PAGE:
Pharmacy girl, chapter 2

So, still reeling from my magnificent bit of cowardice with the pharmacy girl incident, I decided to take the initiative, and instead of spending a lazy afternoon in the coffee shops, I went to the hospital, with the explicit purpose of 'casually' running into pharmacy girl. Oh, I had other things to do as well, but nothing that I couldn't have done at any random time in the bowels of medical records.

So, after nonchalantly flitting from floor to floor, running into other residents, I was tired, and ready to go home. I went down to medical records, caught up on charts, went to the cafeteria, and stopped by the bathroom before heading home. And of course, OF COURSE, as I'm walking into the bathroom, I run into pharmacy girl.

A little casual chit chat, and then off we went - me to the bathroom and she to wherever she was going anyway. And now, I have been solidly kicking myself in the ass for the third straight hour. I went to the hospital for the EXPLICITLY STATED PURPOSE of running into pharmacy girl, and caught on my way out, eager to empty my bladder, of course that is when the stars aligned.

West Coast (who asked to be called Chocolate Thunder from now on...) and Surgery Girl both chided me for being a complete pussy. I anticipate that this remarkable piece of timidity will inspire further groans.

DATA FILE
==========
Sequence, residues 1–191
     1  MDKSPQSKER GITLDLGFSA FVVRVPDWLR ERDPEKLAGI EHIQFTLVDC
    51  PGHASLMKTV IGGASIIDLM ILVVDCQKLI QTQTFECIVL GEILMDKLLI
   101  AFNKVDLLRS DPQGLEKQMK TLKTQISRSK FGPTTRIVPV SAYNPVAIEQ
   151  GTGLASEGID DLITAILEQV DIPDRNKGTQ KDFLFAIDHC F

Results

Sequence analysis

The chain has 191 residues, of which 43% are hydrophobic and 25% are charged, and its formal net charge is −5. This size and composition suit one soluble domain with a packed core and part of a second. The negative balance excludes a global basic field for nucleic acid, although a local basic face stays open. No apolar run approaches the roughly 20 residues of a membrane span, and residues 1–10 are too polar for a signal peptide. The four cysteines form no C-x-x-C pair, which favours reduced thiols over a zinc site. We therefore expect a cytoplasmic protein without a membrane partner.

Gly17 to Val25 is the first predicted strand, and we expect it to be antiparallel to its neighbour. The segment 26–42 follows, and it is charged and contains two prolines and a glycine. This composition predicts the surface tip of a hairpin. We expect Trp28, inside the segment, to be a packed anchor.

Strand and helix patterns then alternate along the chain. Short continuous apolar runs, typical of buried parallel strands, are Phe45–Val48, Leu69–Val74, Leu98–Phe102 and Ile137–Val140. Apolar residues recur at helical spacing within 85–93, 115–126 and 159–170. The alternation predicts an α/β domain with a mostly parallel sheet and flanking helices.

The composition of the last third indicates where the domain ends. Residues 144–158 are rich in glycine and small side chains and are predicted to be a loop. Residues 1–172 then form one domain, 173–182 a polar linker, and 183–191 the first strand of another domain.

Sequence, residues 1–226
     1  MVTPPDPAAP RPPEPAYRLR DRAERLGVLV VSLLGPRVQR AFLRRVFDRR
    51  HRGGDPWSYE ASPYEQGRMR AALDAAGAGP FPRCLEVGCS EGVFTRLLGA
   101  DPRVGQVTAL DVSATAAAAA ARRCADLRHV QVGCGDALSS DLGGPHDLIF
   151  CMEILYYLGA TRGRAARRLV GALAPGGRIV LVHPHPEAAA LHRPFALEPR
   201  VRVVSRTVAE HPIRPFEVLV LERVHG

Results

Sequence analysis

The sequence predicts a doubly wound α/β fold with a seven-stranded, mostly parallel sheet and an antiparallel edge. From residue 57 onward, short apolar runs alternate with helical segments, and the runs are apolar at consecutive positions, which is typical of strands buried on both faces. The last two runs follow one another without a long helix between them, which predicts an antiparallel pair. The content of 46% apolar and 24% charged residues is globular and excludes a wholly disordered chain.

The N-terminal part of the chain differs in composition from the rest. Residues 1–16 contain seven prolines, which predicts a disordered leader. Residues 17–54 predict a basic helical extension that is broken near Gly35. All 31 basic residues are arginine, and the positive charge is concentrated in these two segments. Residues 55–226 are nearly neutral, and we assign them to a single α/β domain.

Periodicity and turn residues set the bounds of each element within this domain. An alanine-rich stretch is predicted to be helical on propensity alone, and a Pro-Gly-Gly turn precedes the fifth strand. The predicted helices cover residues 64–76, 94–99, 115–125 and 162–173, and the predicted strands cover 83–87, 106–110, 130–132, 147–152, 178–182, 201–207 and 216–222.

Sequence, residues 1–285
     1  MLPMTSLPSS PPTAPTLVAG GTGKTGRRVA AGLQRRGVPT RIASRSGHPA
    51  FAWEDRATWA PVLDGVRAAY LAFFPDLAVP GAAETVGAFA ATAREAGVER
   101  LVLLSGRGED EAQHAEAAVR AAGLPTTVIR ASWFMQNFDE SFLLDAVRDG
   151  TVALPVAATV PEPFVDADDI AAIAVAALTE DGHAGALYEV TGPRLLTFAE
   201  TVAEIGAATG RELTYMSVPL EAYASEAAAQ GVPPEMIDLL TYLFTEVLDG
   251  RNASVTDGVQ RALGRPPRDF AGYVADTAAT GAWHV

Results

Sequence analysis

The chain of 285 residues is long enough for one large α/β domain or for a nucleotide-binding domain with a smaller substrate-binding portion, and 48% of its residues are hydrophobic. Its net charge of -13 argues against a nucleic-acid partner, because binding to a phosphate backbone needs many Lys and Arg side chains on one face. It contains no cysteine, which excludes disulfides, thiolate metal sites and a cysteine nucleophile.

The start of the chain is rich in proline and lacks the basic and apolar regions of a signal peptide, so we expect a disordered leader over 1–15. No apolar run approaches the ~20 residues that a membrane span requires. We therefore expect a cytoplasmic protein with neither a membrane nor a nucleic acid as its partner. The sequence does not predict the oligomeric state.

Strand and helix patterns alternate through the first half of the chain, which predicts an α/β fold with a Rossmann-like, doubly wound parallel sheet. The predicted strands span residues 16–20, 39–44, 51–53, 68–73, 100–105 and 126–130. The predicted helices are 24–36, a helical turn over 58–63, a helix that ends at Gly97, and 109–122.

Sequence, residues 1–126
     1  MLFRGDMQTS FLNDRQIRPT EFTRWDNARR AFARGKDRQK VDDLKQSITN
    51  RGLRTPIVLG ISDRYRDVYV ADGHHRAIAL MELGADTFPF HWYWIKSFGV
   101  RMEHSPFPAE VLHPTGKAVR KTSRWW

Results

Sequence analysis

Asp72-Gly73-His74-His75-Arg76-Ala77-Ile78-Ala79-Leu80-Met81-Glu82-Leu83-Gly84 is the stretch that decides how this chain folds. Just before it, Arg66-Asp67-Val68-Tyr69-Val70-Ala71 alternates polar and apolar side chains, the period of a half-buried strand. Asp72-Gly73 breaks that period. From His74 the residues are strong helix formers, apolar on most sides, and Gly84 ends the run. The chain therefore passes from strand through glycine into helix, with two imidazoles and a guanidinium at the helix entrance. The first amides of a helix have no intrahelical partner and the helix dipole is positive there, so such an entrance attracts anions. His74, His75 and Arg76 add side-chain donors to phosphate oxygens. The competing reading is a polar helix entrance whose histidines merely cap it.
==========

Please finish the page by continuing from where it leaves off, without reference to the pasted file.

Better living through chemistry

Last week, I caught an upper respiratory infection, and thankfully, the worst of it was over the weekend, but I still had lingering symptoms for a few days while at work. It was for this reason that I initiated the Better Living Through Chemistry campaign of Winter 2006/2007. Normally, I don't like taking medications, and I will avoid them until it is entirely unavoidable. But I can't justify sneezing and dripping all over patients.

I started with ibuprofen 400mg bid while at work. On top of this, I used triproline/pseudoephedrine 2.5/60mg [trade name Actifed] for the first few days q6 hours while at work, giving myself a break while at home. However, my supply of Actifed ran out, and going to the store, I discovered that all the pseudoephedrine is now kept behind the counter. So, I switched to chlorpheniramine/phenylephrine 4/10mg again q6 hours while at work.

it took about 9 days for symptoms to resolve completely, and I feel fine now, but it's always interesting to go to the OTC aisle. I saw several people wandering the decongestants, looking at one, then pondering another. For all of you reading this, they're all the same! Choosing a decongestant has more to do with your own body's reaction to a specific chemical than anything the drug company can tote.